Eventually candy and gum companies followed suit, creating cards of their own to target children. Caramel cards stood out to card guru Jefferson Burdick, himself a child when the cards gained prominence.

“Perhaps no group has had as much sentimental appeal to older collectors as is possessed by these “Caramel Cards” of the 1912 period,” Burdick wrote in “The American Card Catalog,” released in 1960. “For many, this was their first contact with cards and their love for them has never diminished.”

One of the main distributors of these cards was the American Caramel Company, which was created in 1898 with the merging of factories in Philadelphia and York.

Two years later, a man named Milton Hershey, interested in focusing on chocolates, sold his Lancaster-based caramel factory to American Caramel.

American Caramel began including baseball cards with its candy in 1908, and continued that trend sporadically until 1927. The American Caramel cards feature factory distinctions on the backs of some of the cards, with Philadelphia and York listed on some of the earlier releases.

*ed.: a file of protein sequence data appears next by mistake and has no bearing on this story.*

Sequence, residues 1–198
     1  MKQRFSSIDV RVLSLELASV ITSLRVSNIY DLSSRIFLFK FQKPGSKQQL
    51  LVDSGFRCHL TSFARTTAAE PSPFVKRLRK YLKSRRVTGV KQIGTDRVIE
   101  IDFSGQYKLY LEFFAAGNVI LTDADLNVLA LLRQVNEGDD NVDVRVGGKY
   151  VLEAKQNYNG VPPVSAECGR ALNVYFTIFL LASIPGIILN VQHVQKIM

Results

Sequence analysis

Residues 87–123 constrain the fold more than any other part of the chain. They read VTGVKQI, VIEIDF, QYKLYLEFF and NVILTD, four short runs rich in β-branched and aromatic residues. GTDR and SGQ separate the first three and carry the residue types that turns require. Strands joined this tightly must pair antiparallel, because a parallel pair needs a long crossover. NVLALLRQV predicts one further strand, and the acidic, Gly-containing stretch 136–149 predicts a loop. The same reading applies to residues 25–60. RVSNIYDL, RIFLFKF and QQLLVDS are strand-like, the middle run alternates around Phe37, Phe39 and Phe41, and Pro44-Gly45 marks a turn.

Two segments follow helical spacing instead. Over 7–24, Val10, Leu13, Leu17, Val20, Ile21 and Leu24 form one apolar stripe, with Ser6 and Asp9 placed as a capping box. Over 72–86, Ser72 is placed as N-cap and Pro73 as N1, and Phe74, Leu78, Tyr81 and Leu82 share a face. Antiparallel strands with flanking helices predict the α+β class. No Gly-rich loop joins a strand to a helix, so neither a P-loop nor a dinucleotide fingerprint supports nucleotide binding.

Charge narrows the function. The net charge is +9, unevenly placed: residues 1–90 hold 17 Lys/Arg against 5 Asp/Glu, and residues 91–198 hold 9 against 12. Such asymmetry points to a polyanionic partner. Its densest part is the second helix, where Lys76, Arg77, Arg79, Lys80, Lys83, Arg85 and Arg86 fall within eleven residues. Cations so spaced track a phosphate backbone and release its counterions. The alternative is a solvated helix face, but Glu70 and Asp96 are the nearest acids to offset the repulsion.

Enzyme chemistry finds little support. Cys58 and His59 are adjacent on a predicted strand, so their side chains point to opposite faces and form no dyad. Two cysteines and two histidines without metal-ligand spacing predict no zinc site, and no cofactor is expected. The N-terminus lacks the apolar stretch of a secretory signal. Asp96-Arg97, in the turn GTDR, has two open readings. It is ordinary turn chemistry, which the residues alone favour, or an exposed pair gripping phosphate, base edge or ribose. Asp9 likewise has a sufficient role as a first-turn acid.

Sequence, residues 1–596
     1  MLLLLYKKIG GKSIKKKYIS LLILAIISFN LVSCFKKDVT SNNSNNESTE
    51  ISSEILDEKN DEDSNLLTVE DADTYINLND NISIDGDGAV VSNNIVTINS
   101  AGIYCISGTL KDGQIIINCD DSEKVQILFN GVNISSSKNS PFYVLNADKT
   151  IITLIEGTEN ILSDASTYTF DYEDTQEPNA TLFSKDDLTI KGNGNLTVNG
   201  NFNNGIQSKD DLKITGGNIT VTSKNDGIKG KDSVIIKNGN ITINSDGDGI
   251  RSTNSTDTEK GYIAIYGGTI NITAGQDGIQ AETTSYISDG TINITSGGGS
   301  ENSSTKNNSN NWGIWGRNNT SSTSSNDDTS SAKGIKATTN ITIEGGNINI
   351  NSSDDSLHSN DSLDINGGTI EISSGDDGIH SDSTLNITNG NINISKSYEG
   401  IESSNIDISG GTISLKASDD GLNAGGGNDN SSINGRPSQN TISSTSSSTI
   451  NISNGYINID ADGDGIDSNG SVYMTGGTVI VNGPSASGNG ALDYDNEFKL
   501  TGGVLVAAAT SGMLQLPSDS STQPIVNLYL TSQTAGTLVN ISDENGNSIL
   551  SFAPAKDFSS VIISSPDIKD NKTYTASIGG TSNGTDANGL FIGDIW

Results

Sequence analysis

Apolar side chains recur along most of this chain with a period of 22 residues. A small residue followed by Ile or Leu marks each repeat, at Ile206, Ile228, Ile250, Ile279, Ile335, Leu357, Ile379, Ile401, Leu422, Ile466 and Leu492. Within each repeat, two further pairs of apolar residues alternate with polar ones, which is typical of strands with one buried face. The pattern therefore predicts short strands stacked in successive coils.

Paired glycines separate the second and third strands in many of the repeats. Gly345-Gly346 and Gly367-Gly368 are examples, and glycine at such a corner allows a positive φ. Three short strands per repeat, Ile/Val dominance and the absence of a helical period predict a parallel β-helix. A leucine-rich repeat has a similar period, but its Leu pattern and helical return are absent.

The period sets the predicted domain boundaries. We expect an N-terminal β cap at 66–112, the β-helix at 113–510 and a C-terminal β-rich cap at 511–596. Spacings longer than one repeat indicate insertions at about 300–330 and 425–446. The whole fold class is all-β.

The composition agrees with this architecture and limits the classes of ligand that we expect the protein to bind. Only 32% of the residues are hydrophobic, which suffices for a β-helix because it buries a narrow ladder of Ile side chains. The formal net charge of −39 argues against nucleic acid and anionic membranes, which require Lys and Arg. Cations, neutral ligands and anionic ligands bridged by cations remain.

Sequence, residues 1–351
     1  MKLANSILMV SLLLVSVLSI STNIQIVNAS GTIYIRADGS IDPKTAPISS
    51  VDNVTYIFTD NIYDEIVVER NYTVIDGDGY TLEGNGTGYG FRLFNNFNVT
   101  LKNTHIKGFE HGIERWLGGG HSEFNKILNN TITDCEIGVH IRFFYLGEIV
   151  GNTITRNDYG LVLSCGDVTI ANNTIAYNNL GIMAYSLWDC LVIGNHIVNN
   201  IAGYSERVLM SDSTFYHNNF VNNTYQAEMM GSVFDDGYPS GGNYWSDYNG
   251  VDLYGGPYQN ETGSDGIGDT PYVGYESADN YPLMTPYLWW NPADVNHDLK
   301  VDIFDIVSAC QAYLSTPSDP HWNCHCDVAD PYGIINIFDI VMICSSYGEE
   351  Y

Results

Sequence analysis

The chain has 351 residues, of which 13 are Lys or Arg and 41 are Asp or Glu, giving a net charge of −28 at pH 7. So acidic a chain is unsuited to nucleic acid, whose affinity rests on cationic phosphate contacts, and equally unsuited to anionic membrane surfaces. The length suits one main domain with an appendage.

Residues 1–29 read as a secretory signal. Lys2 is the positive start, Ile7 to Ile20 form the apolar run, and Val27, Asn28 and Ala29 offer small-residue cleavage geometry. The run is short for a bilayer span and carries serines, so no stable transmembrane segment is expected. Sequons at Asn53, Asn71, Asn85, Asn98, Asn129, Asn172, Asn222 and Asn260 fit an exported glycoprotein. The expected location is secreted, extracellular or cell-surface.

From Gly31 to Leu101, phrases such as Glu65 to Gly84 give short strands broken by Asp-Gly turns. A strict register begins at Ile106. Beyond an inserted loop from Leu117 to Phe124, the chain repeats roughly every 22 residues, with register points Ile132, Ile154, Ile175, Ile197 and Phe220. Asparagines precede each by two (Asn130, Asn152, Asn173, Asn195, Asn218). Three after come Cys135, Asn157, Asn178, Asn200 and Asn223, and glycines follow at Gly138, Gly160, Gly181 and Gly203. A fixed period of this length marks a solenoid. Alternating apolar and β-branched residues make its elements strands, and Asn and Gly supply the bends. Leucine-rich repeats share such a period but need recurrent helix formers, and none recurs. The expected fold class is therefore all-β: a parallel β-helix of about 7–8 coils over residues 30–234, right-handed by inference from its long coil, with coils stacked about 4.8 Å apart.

But then there was Lancaster, featured on the reverse of American Caramel’s cards in the 1920s.

The 1922 “Series of 120” includes Herold “Muddy” Ruel, then a catcher for the Red Sox. Yes, his first name truly is Herold. The origins of his nickname “Muddy” aren’t clear.

In any event, “Muddy” was one of the premier backstops in the league during his 19-season career, playing from 1915 to 1934 and scoring the winning run in Game 7 of the 1924 World Series to secure the Washington Senators’ only championship.

After his playing career ended, Ruel served as a coach, manager, general manager, and even assistant to Commissioner Happy Chandler.